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Details of Grant 

EPSRC Reference: EP/N02074X/2
Title: Wearable Organic Integrated Sensors for Healthcare: Smart Dressings, A Step Change in Wound Management
Principal Investigator: Gupta, Dr R
Other Investigators:
Researcher Co-Investigators:
Project Partners:
NIHR WoundTec Healthcare Technology Coop Printed Electronics Limited Sensapharm Limited
Smith & Nephew
Department: School of Chemistry
Organisation: University of Birmingham
Scheme: Standard Research
Starts: 01 January 2017 Ends: 31 May 2021 Value (£): 778,432
EPSRC Research Topic Classifications:
Biomaterials Med.Instrument.Device& Equip.
EPSRC Industrial Sector Classifications:
Healthcare
Related Grants:
Panel History:
Panel DatePanel NameOutcome
24 Nov 2015 Healthcare Technologies Challenge Awards Interviews Panel A Announced
Summary on Grant Application Form
Chronic wounds are those that fail to heal in an orderly and timely (typically three months) manner. Examples of chronic wounds include diabetic foot ulcers, pressure ulcers and venous leg ulcers. The incidence of chronic wounds is increasing as a result of lifestyle changes and the ageing population. For example, ~552 million people worldwide are estimated to have diabetes mellitus in 2030. Up to an estimated 25% of these patients will develop diabetic foot ulcers in their lifetime; half of these ulcers will be infected and 20% will undergo amputation of their lower limb. The annual economic impact of chronic wounds, which includes nursing time and dressing materials, on the global economy is estimated to be ~£20 billion by 2030.

A common practise in wound management is to cover wounds with suitable dressings to facilitate the healing process. Standard dressings, however, do not provide insights into the status of the wound underneath. Thus, dressings are often changed to examine and assess the wound. This in turn hampers the process of normal wound healing and cause stress and pain to patients. The assessment process also consumes a significant amount of nursing time and dressing materials, which contributes to spiralling medical costs in wound care. In addition, current treatment methods do not use physical or chemical feedback to modify or adjust the treatment based on wound's condition, and hence have limited success.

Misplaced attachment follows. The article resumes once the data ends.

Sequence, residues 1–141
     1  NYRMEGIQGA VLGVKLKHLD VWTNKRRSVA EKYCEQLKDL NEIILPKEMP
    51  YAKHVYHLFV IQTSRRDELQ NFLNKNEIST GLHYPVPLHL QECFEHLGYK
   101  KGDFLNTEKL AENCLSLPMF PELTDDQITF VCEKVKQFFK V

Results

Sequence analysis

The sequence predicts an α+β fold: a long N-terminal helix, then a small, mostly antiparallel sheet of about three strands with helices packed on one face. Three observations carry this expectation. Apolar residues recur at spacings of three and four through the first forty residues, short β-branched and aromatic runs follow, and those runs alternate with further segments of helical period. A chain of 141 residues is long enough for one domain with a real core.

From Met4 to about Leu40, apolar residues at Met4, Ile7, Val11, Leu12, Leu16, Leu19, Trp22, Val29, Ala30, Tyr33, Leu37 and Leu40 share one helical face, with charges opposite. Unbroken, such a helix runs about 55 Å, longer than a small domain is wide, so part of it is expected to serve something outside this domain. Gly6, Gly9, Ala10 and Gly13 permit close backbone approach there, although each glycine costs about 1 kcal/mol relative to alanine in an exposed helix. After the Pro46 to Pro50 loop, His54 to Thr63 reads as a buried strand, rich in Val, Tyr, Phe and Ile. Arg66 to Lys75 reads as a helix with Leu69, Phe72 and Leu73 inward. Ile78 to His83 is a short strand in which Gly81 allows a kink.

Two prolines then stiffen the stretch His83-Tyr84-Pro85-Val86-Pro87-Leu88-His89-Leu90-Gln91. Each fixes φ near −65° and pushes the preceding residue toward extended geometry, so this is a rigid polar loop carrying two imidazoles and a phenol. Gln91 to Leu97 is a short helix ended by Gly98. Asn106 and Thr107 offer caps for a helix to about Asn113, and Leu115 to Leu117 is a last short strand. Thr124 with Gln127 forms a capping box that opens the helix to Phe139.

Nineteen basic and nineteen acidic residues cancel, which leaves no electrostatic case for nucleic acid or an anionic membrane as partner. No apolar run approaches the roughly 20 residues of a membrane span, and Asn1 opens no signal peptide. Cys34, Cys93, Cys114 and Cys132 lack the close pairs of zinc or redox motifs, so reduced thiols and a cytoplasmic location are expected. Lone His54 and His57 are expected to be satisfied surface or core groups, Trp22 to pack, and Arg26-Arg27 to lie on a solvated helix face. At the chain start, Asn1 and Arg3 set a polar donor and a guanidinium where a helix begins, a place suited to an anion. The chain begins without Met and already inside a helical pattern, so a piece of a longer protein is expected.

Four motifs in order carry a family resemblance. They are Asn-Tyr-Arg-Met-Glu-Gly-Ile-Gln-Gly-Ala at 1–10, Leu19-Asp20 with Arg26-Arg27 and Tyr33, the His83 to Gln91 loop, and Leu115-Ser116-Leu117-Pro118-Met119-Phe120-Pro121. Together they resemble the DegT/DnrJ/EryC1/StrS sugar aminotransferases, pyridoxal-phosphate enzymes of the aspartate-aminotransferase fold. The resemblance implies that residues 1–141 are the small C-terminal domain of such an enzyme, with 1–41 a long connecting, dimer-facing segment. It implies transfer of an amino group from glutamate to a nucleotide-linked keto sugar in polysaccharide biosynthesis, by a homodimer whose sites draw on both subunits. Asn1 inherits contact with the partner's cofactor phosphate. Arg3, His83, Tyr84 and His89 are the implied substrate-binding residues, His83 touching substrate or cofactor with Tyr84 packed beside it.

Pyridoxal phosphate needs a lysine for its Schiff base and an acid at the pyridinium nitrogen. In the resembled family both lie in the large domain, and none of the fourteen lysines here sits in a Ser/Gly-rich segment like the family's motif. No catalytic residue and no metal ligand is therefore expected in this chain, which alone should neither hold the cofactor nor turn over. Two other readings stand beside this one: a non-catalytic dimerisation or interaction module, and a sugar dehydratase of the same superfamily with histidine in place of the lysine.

It has been proposed to embed sensors in dressings to enable clinicians and nurses to make effective diagnostic and therapeutic wound management decisions without changing wound dressings; therefore improving patient comfort. Existing sensors, however, do not satisfy the operational (e.g. sensitivity, specificity) and physical (e.g. flexibility) characteristics required for embedding them in dressings. This project will develop a sensor system to overcome these limitations.

The proposed sensor system will consist of a small laser that will emt light of different colour based on the concentration of a biomarker of interest in the fluid interface at the wound surface. The change in the colour of emitted light will be measured by waving a mobile device (e.g. phone, tablet) over the dressing containing the sensor system. The captured data will be transmitted to healthcare professionals, processed, stored to keep a record of wound history, and used for diagnostics and therapeutics.

The proposed project will benefit patients by effective diagnostics and treatment of chronic wounds. The information on wound condition will permit timely identification of hard to heal wounds and will also be used to create a feedback loop for fully optimised treatments tailored to individual patients. For example, the rate of release of anti-inflammatory drugs will be tailored based on wound condition. This is critical in terms of chronic wound management, where it has been shown that the longer the delay in administering appropriate treatment, the more difficult a wound is to heal.
Key Findings
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Potential use in non-academic contexts
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Summary
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Organisation Website: http://www.bham.ac.uk